(Atwater, who died in 1991, is perhaps best known as the man who used racist, inflammatory language to explain the Republican “Southern Strategy” of appealing to Southern white voters.)
In general, the firm was known simply as Black, Manafort and it was responsible for a variety of backroom political deals.
In 1984, the firm allegedly attempted to persuade the embattled president of the Bahamas, Lynden Pindling, to pay them US$800,000. In return, they would persuade officials in Washington to ease up investigations into Pindling’s involvement with drug traffickers.
In 1986, they took a US$600,000 annual contract to help sell the cause of Jonas Savimbi, an Angolan guerrilla leader, to Washington politicians. It worked. Then-President Ronald Reagan referred to Savimbi and his allies as “freedom fighters” in that year’s State of the Union address. In Africa, though, Savimbi’s decadeslong revolution was described as terrorism.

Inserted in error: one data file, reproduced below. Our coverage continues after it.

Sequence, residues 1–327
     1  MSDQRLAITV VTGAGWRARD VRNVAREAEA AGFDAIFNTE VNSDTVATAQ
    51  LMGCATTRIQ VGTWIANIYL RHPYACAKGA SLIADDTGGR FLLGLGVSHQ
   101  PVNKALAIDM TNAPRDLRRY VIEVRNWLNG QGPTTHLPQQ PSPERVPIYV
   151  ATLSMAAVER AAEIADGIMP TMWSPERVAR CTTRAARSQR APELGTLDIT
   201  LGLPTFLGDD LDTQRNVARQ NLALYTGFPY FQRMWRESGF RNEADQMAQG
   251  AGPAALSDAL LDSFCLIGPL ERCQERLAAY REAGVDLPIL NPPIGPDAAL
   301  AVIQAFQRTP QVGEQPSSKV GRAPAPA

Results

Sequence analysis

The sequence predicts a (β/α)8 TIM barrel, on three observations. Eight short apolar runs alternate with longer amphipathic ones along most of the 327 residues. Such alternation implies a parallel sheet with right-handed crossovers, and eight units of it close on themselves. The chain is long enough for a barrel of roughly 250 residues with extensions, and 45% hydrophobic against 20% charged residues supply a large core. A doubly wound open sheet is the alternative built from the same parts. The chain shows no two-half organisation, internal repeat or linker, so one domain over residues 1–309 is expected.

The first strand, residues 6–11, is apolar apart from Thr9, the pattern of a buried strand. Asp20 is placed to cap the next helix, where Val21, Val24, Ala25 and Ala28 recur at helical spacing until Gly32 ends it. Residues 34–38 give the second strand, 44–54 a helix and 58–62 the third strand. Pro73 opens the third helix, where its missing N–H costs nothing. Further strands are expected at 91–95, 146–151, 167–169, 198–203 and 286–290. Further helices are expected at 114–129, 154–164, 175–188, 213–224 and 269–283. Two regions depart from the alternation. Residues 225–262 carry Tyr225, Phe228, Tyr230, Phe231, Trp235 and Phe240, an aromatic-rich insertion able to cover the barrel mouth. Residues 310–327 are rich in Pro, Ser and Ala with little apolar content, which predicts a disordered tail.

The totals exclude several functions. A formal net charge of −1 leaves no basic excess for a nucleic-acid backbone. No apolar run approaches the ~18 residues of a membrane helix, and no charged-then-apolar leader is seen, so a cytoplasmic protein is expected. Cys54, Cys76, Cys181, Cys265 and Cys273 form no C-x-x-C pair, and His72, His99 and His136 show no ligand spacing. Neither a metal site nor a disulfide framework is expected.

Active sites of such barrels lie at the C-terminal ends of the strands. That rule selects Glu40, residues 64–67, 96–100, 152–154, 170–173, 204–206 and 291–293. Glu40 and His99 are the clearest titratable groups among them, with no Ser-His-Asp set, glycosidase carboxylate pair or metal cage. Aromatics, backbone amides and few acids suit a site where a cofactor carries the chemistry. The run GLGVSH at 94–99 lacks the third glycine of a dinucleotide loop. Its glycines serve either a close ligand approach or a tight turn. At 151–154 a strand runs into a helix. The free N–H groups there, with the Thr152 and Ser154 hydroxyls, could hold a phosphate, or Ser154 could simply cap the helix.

All the while, Manafort was making his name as an influential member of the Republican Party. In 1984, he was the political director of the party’s national convention. When then-Vice President George H.W. Bush ran for president in 1988, all four partners of Black, Manafort, Stone & Atwater joined his campaign.
The fix for Ukraine
After three decades spent building relationships in Washington, Manafort seemingly left the capital behind around the time President Barack Obama won his first term. Before he would become Trump’s campaign manager, Politico explained in a 2014 article, Manafort would leave the US to become “Ukraine’s U.S. fixer.”
Manafort disappeared from the US only to reappear in the former Soviet bloc, “playing a familiar role in an unfamiliar place: advising [former Ukrainian President Viktor] Yanukovych, the pro-Russian strongman.” In 2014, Yanukovych was forcibly ousted and in 2019 he was sentenced to 13 years for treason.
Even before Yanukovych, Manafort had been working with powerful oligarchs from Russia and Ukraine. At that time, Manafort was a part of Davis, Manafort, a political consultancy firm he formed after leaving his original firm in 1995.